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1964–The Beatles make their fourth appearance on The Ed Sullivan Show. Their performance is a clip of the group singing You Can't Do That, which was filmed during the making of their movie A Hard Day's Night. The song was not included in the final film, giving Sullivan an exclusive. The clip was resurrected in the 1990s for inclusion in the documentary, Making of A Hard Day’s Night, which was narrated by Phil Collins.

BC 15–Julius Caesar Germanicus, Roman commander, is born.

1086–Abbott Dauferio-Desiderius becomes Pope Victor III.

1153–Malcolm IV becomes King of Scotland.

1218–The Fifth Crusade leaves Acre for Egypt.

1276–Magnus Ladulas is crowned King of Sweden in Uppsala Cathedral.

1487–The ten-year-old, Lambert Simnel, is crowned in Christ Church Cathedral in Dublin, Ireland, with the name of Edward VI in a bid to threaten King Henry VII's reign.

1595–Nomenclator of Leiden University Library appears, the first printed catalog of an institutional library.

1607–One hundred English settlers disembark in Jamestown, the first English colony in America.

1621–The Protestant Union is formally dissolved.

1626–Peter Minuit buys the island of Manhattan.

1653–The German Parliament selects Ferdinand II as King of Austria.

1689–The English Parliament guarantees freedom of religion for Protestants.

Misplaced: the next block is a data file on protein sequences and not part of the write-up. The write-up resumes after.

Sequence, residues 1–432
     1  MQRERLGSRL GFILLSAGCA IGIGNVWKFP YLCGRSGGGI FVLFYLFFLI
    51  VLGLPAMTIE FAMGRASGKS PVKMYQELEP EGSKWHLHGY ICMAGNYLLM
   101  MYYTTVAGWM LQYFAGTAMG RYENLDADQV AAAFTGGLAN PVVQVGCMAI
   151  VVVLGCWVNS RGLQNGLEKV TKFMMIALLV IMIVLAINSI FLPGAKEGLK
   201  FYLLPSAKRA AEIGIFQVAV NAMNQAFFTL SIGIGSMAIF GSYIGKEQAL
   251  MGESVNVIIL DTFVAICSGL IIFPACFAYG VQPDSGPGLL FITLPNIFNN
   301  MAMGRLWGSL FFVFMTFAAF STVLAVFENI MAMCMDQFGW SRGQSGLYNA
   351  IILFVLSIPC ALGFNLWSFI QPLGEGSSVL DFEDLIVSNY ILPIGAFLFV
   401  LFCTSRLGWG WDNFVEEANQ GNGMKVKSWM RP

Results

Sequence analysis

1738–The Methodist Church is founded.

1738–George III, King of Great Britain (1760-1820), is born.

1753–Oliver Cromwell is born in Burlington, New Jersey.

1798–The Irish Rebellion of 1798, led by the United Irishmen against British rule, begins.

1813–South American independence leader, Simón Bolívar, enters Mérida, leading the invasion of Venezuela, and is proclaimed El Libertador ("The Liberator").

1819–Alexandrina Victoria, Queen of Great Britain (1837-1901), is born at Kensington Palace, London, England. She would reign for 63 years, holding the record for the longest-reigning queen in the world. The duration of her reign is called the Victorian era, which was a period of industrial, cultural, political, scientific, and military change within the United Kingdom, along with a great expansion of the British Empire.

1830–Mary Had a Little Lamb, by Sarah Josepha Hale, is published.

1830–The first revenue trains in the United States begin service on the Baltimore and Ohio Railroad between Baltimore and Ellicott's Mills, Maryland.

1832–The First Kingdom of Greece is declared in the London Conference.

1844–Samuel F.B. Morse opens America's first telegraph line between Washington, D.C., and Baltimore, Maryland, with the message, “What hath God wrought!”

1856–John Brown and his men kill five slavery supporters at Pottawatomie Creek, Kansas.

1862–The Westminster Bridge opens across the Thames River in London, England.

1883–The Brooklyn Bridge is opened between lower Manhattan and Brooklyn, New York.

1890–The Tivoli Theater of Varities opens in London, England.

1893–The Niagara Falls Park and River Railway opens in Ontario, Canada.

1895–Millionaire publisher, Samuel I. Newhouse, is born. He published the magazines Parade, Vogue, and Glamour.

1899–The first auto repair shop and public parking garage in the U.S. open in Boston, Massachusetts.

1900–The United Kingdom annexes the Orange Free State.